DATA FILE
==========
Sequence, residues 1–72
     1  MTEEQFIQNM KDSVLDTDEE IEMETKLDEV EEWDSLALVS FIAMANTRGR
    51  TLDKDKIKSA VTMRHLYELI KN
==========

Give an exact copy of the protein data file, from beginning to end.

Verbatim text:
Sequence, residues 1–72
     1  MTEEQFIQNM KDSVLDTDEE IEMETKLDEV EEWDSLALVS FIAMANTRGR
    51  TLDKDKIKSA VTMRHLYELI KN